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How the DEER and I Survive the Winter Season

Can You Survive the Winter Like a Deer?

How well deer survive the winter depends on three primary factors:

  • The amount of stored fat
  • The availability of natural foods
  • The severity of the winter

Stored Fat

In late summer and fall deer build up fat that will become winter fuel. Acorns and beech nuts — often referred to as “mast” — are valuable sources of this fat. Fat reserves can supply almost one-third of a deer’s winter energy needs. The more fat a deer can accumulate before winter, the greater its energy reserves and the greater the amount of winter weather it can survive.  Deer also develop highly insulated winter coats. Dense inner fur and long, hollow outer hairs create a coat 10 times thicker than the summer coat.  They look very stylish in their new coats!!

Availability of Natural Foods

In winter, deer subsist on buds and twigs of deciduous trees and shrubs such as yellow birch, hazel, dogwood, mountain, striped, red, and sugar maple. Cedar and hemlock foliage also provide food. Deer will eat snow for water in the winter and can survive eating bark and some wintergreen bushes. In winter, deer move to suitable cover. They move around less and decrease their metabolism and body temperature. This biological “fine-tuning” enables deer to conserve energy and survive our northern winters.

The Severity of the Winter

Deer pack accumulated snow into a network of trails and runways. Trails allow deer to move easily between food and cover, saving valuable energy reserves. Conifers also reduce winds and moderate the temperature. On cold nights temperatures beneath heavy conifer, cover can be ten degrees warmer than in open areas. Deer spend many hours lying under this protection.  However, when temperatures drop to 0 and lower, deer are forced to use increasing amounts of energy to keep warm. To counter this, deer select areas that minimize their exposure to cold and windy conditions and thereby lessen the impact on their energy reserves. For deer, one of the biggest energy drains in winter is moving through the snow.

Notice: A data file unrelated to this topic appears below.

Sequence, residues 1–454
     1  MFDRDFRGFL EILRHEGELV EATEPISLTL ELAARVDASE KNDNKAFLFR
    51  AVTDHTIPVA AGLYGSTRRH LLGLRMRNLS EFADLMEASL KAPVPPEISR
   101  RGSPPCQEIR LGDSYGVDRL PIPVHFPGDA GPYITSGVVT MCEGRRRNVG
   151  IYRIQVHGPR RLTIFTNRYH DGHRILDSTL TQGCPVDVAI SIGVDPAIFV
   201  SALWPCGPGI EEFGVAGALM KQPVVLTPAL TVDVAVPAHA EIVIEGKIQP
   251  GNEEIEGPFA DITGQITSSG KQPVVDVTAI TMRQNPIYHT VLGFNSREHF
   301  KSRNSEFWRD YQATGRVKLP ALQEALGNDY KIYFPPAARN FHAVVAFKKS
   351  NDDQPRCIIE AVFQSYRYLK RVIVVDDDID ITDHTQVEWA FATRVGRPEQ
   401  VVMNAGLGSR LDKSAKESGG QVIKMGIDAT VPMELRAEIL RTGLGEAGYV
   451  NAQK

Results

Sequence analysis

Now that I know these 3 factors for the DEER to survive the winter,  I have decided to try this myself.

  1. Stored Fat:  I have loaded up on carbs and lots of good sweets..the “mast”  to load on the fat.
  2.  Availability of “NATURAL” foods:  Well there is no shortage of natural chips, Natural Beer, Natural Burgers — you know what I am talking about – we all have our favorites.   Also, I try not to move around too much so that I don’t diminish my fat supply. (Very Important)
  3.  The severity of Winter:  I have my favorite jammies and a few handmade quilts to bundle up in  – flip on the gas logs and lay back for a winter of binge-watching a bunch of series on Netflix.  If I have to move around it will be a short distance to the supply of natural foods.

I will let you know in the spring how this worked for me. I may actually survive this winter!!